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Diasporian News of Monday, 15 January 2007

Source: BBC/Wikipidia/GHP

Asiedu : "The Suicide Bomber" On Trial

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London, UK -- Six men - one with a typical Ghanaian name - have gone on trial charged with plotting to murder passengers on London's transport system on July 7 2005.

They are accused of plotting to bomb a bus and three tube trains two weeks after 52 people died in bombings on public transport in the city.

Manfo Kwaku Asiedu, Muktar Ibrahim, Hussein Osman, Yassin Omar, Ramzi Mohammed and Adel Yahya - all originally from Africa - deny conspiracy to murder.

Ghanaian "Suicide Bomber"?
Kwaku Asiedu, was charged on 7 August 2005, with conspiracy to murder and conspiring to cause an explosion after an unexploded bomb was found in Little Wormwood Scrubs park.

A 23-year-old native of Finsbury Park at the time, with no permanent address at the time of the alleged crime.

There was initial confusion that Manfo was the son of Ghana's Deputy Inspector-General of Police, K. K. Asiedu, but his son was later tracked down and absolved.

He is held at the Belmarsh prison, and his first court appearance was August 8th 2005. He requsted a Twi interpreter

The prosecution alleged that Asiedu was supposed to be the fifth bomber but he "lost his nerve at the last moment".

Instead he dumped his bomb in a wooded area, where it was found two days later, the jury was told.

Afterwards, he tried to convey the impression of a man "carrying on his life as normal", prosecution said. On July 26 he went to the police but "not to tell the truth", he alleged.

Instead, during the course of interviews lasting a number of days, he "lied on an epic scale" to keep up the pretence that he only happened to know two of the defendants, Prosecutor Nigel Sweeney QC told the jury. Eventually, the true scale of his involvement was revealed by the "weight of evidence" against him, he said.

Deny Charges

The six deny charges of conspiracy to cause explosions. Mr. Sweeney said the men chose a date for their plan "just 14 days after the carnage of July 7".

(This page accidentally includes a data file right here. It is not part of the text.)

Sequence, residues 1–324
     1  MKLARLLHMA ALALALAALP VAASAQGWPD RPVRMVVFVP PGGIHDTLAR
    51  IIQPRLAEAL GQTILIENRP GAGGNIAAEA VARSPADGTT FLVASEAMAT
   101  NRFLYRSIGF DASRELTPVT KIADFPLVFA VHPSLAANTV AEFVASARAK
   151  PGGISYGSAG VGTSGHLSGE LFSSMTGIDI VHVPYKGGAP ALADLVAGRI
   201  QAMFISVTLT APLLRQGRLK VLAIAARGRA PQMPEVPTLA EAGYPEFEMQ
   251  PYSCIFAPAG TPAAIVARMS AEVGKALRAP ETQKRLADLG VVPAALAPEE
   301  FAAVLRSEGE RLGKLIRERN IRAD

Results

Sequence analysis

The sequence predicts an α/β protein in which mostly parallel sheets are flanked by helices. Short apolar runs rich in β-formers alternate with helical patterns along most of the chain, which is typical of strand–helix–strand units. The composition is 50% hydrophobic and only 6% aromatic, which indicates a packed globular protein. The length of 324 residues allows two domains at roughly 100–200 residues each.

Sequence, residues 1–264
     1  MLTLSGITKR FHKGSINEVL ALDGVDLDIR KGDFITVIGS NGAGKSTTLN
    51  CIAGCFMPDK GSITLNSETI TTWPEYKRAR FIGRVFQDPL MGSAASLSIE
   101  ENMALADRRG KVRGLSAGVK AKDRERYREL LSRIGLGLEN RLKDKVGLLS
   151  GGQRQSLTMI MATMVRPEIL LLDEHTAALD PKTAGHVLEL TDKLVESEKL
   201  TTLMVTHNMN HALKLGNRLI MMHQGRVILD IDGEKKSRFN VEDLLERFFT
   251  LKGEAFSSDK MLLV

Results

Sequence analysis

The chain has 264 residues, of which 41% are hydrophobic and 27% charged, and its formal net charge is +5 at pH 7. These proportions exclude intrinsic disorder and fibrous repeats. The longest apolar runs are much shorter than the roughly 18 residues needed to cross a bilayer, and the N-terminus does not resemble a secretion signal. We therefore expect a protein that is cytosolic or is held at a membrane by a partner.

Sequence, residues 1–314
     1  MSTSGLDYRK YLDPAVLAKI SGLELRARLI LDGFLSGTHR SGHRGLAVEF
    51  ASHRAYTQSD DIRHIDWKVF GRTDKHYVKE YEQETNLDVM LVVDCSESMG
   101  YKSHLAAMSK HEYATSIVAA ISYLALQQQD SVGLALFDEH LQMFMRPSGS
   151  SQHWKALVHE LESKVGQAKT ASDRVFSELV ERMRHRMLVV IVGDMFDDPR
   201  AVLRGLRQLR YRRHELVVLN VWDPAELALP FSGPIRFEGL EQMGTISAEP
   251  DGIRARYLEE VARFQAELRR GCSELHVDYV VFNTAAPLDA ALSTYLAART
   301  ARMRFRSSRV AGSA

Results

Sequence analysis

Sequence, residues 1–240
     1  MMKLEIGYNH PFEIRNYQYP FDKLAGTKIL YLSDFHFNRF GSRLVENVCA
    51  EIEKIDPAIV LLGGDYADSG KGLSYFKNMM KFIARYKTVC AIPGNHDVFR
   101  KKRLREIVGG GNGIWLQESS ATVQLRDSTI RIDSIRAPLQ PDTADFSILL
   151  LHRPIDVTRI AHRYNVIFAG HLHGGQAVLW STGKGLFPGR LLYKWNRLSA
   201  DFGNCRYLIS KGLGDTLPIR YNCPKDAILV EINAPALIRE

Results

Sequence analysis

But the court heard how the conspiracy "had been in existence long before the events of July 7" and did not appear to be some "hastily arranged copycat".

The prosecutor told how six bombs were made using a mix of liquid hydrogen peroxide, chupatti flour, acetone and acid.

Evidence that the alleged bombers had been buying the materials necessary in late April 2005 would form part of the prosecution's case, Mr Sweeney added.

Each bomb was placed in a large plastic container and screws, tacks, washers or nuts, were taped to the outside to "maximise the possibility of injury", he said.

He told the court it was unclear if the bombs had failed to detonate because they had been manufactured incorrectly at the flat or because of hot weather on 21 July affecting the chemicals.

'Suicide note'

He outlined the case against each defendant, saying all of them were "would-be suicide bombers" except for Mr Yahya, who was out of the country on 21 July 2005.

Mr Sweeney told the court how Mr Mohammed had written a suicide note which was found in pieces after his arrest, and how Mr Asiedu "lost his nerve at the last moment" and dumped his bomb.

The court also heard how Mr Ibrahim had been trained for jihad in the Sudan in 2003 and had also travelled to Pakistan the following year "to take part in jihad or to train for it".

Three of the men - Mr Omar, Mr Yahya and Mr Ibrahim - attended Finsbury Park Mosque, north London, to listen to radical cleric Abu Hamza, Mr Sweeney added.

The three, together with Mr Asiedu and Mr Osman, had also been among a group of 20 or more people on a camping trip to a farm in Cumbria in May, September 2004, he said.

Photographs of them on the last day of their trip by police officers on surveillance, were shown to the jury.

One of the defendants, Mr Omar, fled London after the attempted bombings disguised as a woman wearing a burka, the court heard.

Mr Sweeney said: "The evidence will show, amongst other things, that at the least of it Ibrahim, Omar, Osman and Yahya all held extremist views.
"Second, Ibrahim, Omar and Yahya had all spoken about carrying out jihad."

'No hoax'

Hussein Osman was eventually arrested in Rome, where he told police that the plot was a "deliberate hoax", not a serious attempt to kill commuters.

Mr Sweeney said: "Given the weight of the evidence as to his involvement, what could he say?

"The prosecution case is that this was no hoax."

He added: "The failure of those bombs to explode owed nothing to the intention of these defendants, rather it was simply the good fortune of the travelling public that day that they were spared."
The six men were all known to each other by the summer of 2005, Mr Sweeney said.
The jury heard that Yassin Omar's one-bedroom flat in New Southgate, north London, was a bomb factory, "where the great majority, if not all, of the work required to make those bombs was carried out".
The trial at Woolwich Crown Court is expected to last up to four months.

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